# Find the radius of the circle?

Two Circle of an equal of an radii are drawn , without any overlap , in a semicircle of radius 2 cm.
If these are the largest possible circles that the semicircle can accomodate , then

what is the radius of each of the circles?

• How would you fit two radius-$0.5$ circles inside a semicircle of radius 1? Commented Apr 3, 2012 at 15:37
• @Henning I solved it considering a circle.I am sorry. Commented Apr 3, 2012 at 15:40
• If you're allowed to use coordinates, then it becomes slightly easy... Commented Apr 3, 2012 at 15:46
• @J.M. ya.we can solve using any of the methods. Commented Apr 3, 2012 at 15:50

This is a difficult problem if you are expected to give a full formal argument. However, it is intuitively quite reasonable to assume that the "best" circles will be tangent to the diameter of the semicircle, tangent to each other, and tangent to the circle of radius $2$. Under the assumption that these are indeed the best circles, we will find the answer. (Alternately, we could look at the problem with a full circle instead of a semicircle, and four small circles, and assume that the symmetrical configuration is best.)

Draw a picture, and concentrate on the small circle $\mathcal{K}$ on the right. Let $O$ be the centre of the semicircle, and let $C$ be the centre of $\mathcal{K}$. Let $T$ be the point where $\mathcal{K}$ is tangent to the semicircle.

Note that the line $OT$ is perpendicular to the common tangent line at $T$. Note also that the line $CT$ is perpendicular to the common tangent line at $T$. It follows that the line through $O$ and $T$ is the same line as the line through $C$ and $T$. In other words, the radius $OT$ of the semicircle passes through $C$.

Let $r$ be the radius of $\mathcal{K}$. Drop a perpendicular from $C$ to the point $P$ on the diameter of the semicircle. Note that $OP=r$. By the Pythagorean Theorem, $(OC)^2=(PO)^2+(PC)^2=2r^2$, so $OC=\sqrt{2}r$. It follows that $$2=OT=OC+CT=\sqrt{2}r +r.$$ Now we are finished. We have $r=\frac{2}{\sqrt{2}+1}$. It may be that in the answer given, the denominator was rationalized by multiplying top and bottom by $\sqrt{2}-1$. That gives the answer $r=2(\sqrt{2}-1)$.

Added: Thanks to David Mitra for the diagram!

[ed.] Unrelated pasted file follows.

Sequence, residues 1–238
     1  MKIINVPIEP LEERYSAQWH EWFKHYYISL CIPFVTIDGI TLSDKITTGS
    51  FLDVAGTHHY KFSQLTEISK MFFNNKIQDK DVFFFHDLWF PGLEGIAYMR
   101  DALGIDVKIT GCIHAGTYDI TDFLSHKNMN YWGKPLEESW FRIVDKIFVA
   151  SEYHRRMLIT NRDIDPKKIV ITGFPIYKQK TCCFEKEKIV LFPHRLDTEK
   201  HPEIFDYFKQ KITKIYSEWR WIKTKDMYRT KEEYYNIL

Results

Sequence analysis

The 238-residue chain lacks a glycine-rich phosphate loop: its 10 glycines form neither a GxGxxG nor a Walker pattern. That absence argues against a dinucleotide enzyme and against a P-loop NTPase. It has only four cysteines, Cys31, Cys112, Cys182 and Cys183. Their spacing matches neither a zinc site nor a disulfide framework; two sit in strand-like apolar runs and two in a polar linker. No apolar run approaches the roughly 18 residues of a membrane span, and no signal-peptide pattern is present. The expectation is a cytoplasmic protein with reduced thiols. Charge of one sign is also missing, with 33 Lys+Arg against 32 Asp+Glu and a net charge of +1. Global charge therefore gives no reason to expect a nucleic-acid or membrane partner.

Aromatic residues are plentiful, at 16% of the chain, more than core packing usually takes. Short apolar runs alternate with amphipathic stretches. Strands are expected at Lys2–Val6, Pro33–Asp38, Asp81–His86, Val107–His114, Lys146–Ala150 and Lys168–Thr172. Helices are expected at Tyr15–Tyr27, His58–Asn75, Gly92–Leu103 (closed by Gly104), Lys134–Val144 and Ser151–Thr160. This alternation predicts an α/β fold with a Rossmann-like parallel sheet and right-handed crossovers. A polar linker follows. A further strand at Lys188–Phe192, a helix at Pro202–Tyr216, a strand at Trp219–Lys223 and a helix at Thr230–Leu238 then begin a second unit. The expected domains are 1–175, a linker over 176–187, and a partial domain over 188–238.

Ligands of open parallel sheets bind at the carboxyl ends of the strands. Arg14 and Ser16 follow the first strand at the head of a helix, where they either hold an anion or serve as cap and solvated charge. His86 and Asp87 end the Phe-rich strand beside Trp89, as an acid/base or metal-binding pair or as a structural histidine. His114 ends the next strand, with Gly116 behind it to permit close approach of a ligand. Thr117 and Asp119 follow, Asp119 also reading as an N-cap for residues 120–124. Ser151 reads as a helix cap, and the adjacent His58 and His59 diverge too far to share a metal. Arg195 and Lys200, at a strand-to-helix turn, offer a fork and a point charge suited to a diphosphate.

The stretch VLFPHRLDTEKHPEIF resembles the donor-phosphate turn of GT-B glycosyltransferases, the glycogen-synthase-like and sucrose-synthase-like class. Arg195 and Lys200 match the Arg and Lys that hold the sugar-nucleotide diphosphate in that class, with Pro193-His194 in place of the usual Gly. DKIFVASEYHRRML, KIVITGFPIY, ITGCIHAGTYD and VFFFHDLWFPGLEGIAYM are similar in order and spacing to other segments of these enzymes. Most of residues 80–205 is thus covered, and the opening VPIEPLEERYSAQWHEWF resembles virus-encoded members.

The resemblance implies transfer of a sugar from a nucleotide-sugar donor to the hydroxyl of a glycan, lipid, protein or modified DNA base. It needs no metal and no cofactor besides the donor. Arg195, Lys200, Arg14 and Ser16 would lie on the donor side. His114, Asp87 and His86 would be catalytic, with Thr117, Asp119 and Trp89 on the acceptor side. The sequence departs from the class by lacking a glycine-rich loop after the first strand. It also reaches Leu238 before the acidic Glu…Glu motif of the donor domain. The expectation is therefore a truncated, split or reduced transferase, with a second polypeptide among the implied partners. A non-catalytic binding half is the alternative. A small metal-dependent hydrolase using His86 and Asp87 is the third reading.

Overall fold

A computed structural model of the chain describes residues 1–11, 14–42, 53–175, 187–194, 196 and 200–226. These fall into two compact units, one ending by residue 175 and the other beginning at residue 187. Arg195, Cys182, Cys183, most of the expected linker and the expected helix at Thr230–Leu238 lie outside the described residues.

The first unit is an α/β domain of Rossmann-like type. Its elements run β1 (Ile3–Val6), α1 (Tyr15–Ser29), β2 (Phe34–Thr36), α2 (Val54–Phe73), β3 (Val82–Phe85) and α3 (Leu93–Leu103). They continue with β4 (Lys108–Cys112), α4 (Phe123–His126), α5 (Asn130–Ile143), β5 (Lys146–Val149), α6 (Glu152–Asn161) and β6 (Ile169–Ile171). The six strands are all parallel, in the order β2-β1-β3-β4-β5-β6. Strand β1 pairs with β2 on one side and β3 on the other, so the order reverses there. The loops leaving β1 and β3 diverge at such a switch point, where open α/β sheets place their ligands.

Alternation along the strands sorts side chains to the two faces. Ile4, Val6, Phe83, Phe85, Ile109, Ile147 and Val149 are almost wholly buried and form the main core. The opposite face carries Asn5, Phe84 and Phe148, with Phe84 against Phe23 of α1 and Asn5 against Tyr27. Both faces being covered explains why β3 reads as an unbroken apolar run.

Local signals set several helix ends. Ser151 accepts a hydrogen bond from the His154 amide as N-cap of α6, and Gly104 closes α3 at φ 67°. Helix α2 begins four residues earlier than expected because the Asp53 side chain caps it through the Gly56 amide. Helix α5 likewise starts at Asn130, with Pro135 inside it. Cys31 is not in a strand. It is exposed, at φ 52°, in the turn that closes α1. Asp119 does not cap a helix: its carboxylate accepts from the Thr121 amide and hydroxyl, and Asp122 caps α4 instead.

• $\frac{2}{\sqrt{2}-1}\approx 4.828$. It should probably be $1+\sqrt{2}$ in the denominator. Commented Apr 3, 2012 at 17:04
• @example: Thanks for pointing out the typo. Fixed! My fingers were looking forward to the rationalization of the denominator. Commented Apr 3, 2012 at 17:08
• Would you mind if I added a diagram to your answer? Commented Apr 3, 2012 at 17:29
• @DavidMitra: Not at all, and thanks in advance. But if one does handwaving, as I do, then probably one should go all the way and handwave to the $4$ circle version. So the argument I give is not really worth illustrating. Commented Apr 3, 2012 at 17:35
Due to symmetry two circles in a semicircle is the same problem as one in a quatercircle or four in a full circle. If we look at a quatercircle originating at the origin, with radius $r$ and completely contained in the first quadrant, then the circle has to be centered at a point $(c,c)$, touching the x axis, the y axis and the quatercircle at $(r/\sqrt{2},r/\sqrt{2})$.
To find out how large the circle may be, without crossing the x and y axes, consider the distance from the center of this circle to one axis being equal to the distance to the point $(r/\sqrt{2},r/\sqrt{2})$ $$c=\sqrt{2\left(\frac{r}{\sqrt{2}}-c\right)^2}=\sqrt{2} \left(\frac{r}{\sqrt{2}}-c\right)$$ $$\Rightarrow c = \frac{r}{1+\sqrt{2}}$$
For $r=2\,\text{cm}$, $c\approx 0.83\,\text{cm}$.
• Have you got the right diagram - I think I can get $\frac r {1+\sqrt2}$ for four circles Commented Apr 3, 2012 at 16:06